Well, January has come and gone and, “none too soon” I’m inclined to say. Hopefully we can now kiss last season goodbye. It has without a doubt, been the worst that I can remember. The good thing is that the evenings are beginning to get a little lighter as are the mornings and as I said earlier, there are now quite an abundance of Spring flowers about, so, time to look forward and make plans for this coming season.

No longer able to work in the garage, my efforts at DIY have been relegated to the greenhouse whenever bad weather has threatened, as it did through most of last month. Quite pleasant on the rare occasions when the sun broke through but unfortunately, the strong winds have managed to smash a couple of the roof panes which hasn’t helped matters although, I was still able to finish Cuprinoling my new nuc’s. I have to say that I’m very pleased with the finished article. I would have preferred to finish the roofs with metal covers but for some reason, no-one seems to supply them although most suppliers seem to have covers for standard hive roofs available. You’ll see I’ve used self adhesive kitchen foil, it seems pretty robust so I’ll be keeping my fingers crossed that it does the trick. It does look quite pretty so fingers crossed the bees like it.



I just hope they still feel the same way when they finally take up residence in them. Talking of which, at last I can report that things really seem to be looking up at the bottom of the meadow. Lots of activity around the hive entrances, good numbers of bees coming and going. For the first time in ages I left feeling really optimistic.

I’ve continued with my visits on all but the worst days, weather-wise, and happy to say, apart from one morning following a particularly stormy night when one of the roofs had shifted a couple of inches to one side, nothing much else to report. The last lot of fondant has been pretty much ignored which suggests to me that the stores situation is holding up which is good to see. A warm sunny day, Wednesday of this week, probably the best day so far this year, lots of activity in the apiaries, certainly more than I’ve seen thus far and for the first time, some pollen being taken in.



I always find February something of a frustrating month, there are so many jobs around the apiary that I could be getting on with but as usual, it’s the weather that has the final say. It’s still far too early to take more than a cursory glance beneath the crown board and the damp weather has prevented me from giving the hive stands and empty hives their annual coat of Cuprinol. Sadly, this year there are more empty hives than full ones so, as I said, plenty to get on with as soon as the weather permits. From the amount of activity around the hive entrances, I’m guessing the queens are coming into lay so to help them out by raising the hive temperature a little, I’ve replaced the floor slides which I will leave in until the first or second week in April. I’ve also removed the mouse guards which have by now, fulfilled their purpose and apart from keeping an eye on the stores situation, that’s about it for a while.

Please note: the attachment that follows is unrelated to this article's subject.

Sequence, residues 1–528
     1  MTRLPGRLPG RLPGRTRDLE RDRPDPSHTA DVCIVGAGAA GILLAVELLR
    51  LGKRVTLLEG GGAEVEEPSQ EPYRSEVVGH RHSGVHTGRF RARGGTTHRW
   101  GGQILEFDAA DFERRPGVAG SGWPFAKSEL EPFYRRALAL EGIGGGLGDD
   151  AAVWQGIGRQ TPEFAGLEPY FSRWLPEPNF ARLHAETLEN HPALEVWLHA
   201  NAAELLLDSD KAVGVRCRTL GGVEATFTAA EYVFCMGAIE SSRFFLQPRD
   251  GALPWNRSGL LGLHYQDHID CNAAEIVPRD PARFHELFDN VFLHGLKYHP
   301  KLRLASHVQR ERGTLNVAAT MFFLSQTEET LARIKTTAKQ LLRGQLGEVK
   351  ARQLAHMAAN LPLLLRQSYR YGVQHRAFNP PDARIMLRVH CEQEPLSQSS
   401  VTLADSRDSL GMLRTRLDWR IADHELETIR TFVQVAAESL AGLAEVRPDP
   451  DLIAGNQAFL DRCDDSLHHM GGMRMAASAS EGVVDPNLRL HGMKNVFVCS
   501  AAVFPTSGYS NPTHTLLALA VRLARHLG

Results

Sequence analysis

I was asked the other day why I had made so many nuc’s., we now have nine incidentally, and the reason is this. Even though my last attempt at queen breeding was what can only be described as a dismal failure, I fully intend to push on with my efforts and am firmly resolved to give The Cloake Board method another try. I made a board and had a go with it a few years ago but my grafting let me down. I’ve already described my clumsy efforts at some length in a previous paragraph so I won’t go into that again, suffice to say, two cataract operations and a visit to “Specsavers” later, I feel I’m now in with a chance. For those of you unfamiliar with The Cloake Board method, it concludes with the nursery hive, which will be on double brood, surrounded by a circle of nuc’s with a radius of about three metres, all facing inwards. The day before your new queens are due to emerge, having first removed the incumbent queen to a different location, remove all of the frames and share them between the nuc’s. Ensure that each one has at least one frame each of brood and stores and one sealed queen cell before removing the nursery hive. The flying bees returning to the now vacant hive position will take up residence in the nuc’s. which can then be removed to their permanent location.

So, that then, is the reason for all the additional nuc’s. I was intrigued by the Cloake Board method when it was first described by Mr Adam Vevers at one of our Apiary meetings and for me, it has never lost it’s appeal combining as it does, so many different facets of our hobby. Firstly you have to make yourself a Cloake Board, if you decide on the Doolittle method, you will have to produce a frame of wax cups and finally, you will have to master the art of grafting. Anyone who can get to grips with that lot, deserves, in my opinion, to master the art of successful queen rearing.